Trump, Cruz Want Boeing 737 Max 8 Grounded After Fatal Crashes
President Donald J. Trump and Senator Ted Cruz have both voiced concerns about the Boeing 737 Max 8 after two of the planes crashed within five months.
Two of Boeing’s 737 Max 8 airplanes have crashed in the last five months, with the tragic crash of an Ethiopian Airlines flight marking the second crash on March 10. As countries around the world begin to ground the airplane until its safety can be ensured, the United States has not yet joined them, though the Texas senator and President Trump may see this changed soon.
Cruz released a statement calling for the grounding of the aircraft until additional tests can be performed by the FAA to determine the reason for the crashes.
“In light of the decisions of regulatory agencies across the world to ground the Model 737 Max, including those in the United Kingdom, Germany, France, Australia, and other countires, I believe it would be prudent for the United States likewise to temporarily ground 737 Max aircraft until the FAA confirms the safety of these aircraft and their passengers. Further investigation may reveal that mechanical issues were not the cause, but until that time, our first priority must be the safety of the flying public.”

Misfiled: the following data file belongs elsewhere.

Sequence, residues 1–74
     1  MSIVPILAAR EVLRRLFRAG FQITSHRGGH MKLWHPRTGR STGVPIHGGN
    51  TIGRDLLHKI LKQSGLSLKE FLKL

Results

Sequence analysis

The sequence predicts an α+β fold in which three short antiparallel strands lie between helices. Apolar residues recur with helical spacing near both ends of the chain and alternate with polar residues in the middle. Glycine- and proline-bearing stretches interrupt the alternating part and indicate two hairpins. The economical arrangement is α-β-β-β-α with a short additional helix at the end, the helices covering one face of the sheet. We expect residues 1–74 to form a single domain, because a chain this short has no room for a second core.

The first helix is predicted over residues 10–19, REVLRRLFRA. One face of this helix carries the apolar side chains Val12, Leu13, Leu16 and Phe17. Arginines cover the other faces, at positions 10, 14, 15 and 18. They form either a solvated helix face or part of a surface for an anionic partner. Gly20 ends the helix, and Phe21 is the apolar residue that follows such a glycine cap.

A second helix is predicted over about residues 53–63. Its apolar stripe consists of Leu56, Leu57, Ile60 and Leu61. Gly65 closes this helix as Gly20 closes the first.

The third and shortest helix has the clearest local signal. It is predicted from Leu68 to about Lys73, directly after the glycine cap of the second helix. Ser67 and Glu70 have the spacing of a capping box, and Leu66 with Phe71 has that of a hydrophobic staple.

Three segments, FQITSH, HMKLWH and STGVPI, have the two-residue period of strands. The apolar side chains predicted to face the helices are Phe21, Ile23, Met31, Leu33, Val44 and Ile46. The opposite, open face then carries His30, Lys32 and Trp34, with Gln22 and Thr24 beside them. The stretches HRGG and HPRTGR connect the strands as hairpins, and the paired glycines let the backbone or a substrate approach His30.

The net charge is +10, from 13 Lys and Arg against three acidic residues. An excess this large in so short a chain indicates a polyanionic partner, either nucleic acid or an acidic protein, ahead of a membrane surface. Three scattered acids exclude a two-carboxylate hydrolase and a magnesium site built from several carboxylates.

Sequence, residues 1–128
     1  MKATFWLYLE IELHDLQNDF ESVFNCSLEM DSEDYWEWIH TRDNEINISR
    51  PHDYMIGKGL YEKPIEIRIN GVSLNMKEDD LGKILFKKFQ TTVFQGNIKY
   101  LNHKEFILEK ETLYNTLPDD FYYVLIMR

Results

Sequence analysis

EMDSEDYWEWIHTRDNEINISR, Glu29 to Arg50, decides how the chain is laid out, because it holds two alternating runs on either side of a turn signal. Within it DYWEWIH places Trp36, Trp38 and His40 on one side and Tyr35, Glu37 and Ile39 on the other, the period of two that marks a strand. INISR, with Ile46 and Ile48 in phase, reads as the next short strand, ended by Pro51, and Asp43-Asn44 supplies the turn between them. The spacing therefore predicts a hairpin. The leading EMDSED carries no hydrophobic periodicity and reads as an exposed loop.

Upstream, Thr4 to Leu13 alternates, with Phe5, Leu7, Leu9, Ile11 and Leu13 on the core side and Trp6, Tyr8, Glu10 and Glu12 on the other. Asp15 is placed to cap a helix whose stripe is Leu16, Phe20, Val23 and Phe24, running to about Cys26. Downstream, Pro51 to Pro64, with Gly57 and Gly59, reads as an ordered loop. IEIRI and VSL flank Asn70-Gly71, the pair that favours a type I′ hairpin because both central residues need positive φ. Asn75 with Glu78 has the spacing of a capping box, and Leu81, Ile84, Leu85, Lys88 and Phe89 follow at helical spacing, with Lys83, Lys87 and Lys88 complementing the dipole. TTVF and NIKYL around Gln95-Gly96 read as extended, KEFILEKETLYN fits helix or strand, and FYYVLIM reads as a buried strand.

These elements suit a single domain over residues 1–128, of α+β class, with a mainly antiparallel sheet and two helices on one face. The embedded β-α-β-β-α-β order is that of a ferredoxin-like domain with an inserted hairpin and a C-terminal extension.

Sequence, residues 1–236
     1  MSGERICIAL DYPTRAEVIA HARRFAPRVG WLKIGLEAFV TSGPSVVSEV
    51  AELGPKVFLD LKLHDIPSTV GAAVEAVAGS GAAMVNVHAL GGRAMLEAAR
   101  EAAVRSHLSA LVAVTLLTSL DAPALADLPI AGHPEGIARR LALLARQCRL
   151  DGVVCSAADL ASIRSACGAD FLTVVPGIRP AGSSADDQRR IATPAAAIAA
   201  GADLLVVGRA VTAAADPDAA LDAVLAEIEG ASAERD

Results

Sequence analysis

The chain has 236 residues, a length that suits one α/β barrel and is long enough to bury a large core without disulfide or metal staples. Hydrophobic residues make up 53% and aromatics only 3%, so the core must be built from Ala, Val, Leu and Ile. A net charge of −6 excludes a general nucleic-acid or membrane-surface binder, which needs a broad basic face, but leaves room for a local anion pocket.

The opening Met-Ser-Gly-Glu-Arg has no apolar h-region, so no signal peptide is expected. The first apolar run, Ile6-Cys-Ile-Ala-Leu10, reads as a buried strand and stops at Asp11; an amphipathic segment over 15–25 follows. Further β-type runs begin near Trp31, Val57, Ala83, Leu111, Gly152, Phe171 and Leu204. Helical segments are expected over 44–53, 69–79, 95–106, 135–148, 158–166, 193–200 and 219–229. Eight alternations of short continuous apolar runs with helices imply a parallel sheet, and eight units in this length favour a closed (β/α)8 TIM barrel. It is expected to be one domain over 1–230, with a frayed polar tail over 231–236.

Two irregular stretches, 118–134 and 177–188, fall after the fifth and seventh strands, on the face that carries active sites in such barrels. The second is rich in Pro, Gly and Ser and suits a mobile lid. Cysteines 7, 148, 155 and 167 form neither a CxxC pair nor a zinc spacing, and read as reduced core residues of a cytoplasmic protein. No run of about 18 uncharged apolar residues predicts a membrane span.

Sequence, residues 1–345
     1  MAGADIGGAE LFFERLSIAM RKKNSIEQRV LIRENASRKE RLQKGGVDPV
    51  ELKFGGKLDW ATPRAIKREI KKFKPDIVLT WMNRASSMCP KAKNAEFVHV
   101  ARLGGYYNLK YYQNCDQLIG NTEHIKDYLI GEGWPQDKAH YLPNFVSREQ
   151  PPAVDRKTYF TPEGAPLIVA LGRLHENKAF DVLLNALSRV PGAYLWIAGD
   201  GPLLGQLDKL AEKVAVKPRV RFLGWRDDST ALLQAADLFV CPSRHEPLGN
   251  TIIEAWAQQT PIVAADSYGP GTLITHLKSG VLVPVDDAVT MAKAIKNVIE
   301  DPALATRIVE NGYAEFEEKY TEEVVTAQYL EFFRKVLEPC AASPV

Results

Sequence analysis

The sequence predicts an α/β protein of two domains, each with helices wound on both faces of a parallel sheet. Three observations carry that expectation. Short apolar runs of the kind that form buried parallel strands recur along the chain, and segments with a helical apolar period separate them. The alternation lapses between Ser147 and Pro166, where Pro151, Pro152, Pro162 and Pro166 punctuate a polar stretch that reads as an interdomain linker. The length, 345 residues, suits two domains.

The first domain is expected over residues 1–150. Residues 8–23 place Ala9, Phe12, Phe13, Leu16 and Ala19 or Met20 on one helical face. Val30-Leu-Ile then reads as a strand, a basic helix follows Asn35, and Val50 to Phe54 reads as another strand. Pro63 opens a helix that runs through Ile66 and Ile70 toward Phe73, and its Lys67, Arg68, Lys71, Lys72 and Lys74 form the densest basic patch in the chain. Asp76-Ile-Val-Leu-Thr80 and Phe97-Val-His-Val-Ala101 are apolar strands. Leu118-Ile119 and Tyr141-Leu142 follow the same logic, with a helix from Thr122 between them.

“As chairman of the Subcommittee on Aviation and Space, I intend to hold a hearing to investigate these crashes, determine their contributing factors, and ensure that the United States aviation industry remains the safest in the world.”
Earlier in the day, President Trump echoed these sentiments on Twitter, complaining about the automated systems employed in new aircraft like the 737 Max 8, writing that “Pilots are no longer needed, but rather computer scientists from MIT.”
Thus far, Boeing has no plans to ground the aircraft itself, and released a statement stressing that it thoroughly tested the planes and that safety is the company’s top priority. It noted that “based on the information currently available, we do not have any basis to issue new guidance to operators.”
— Boeing Airplanes (@BoeingAirplanes) March 12, 2019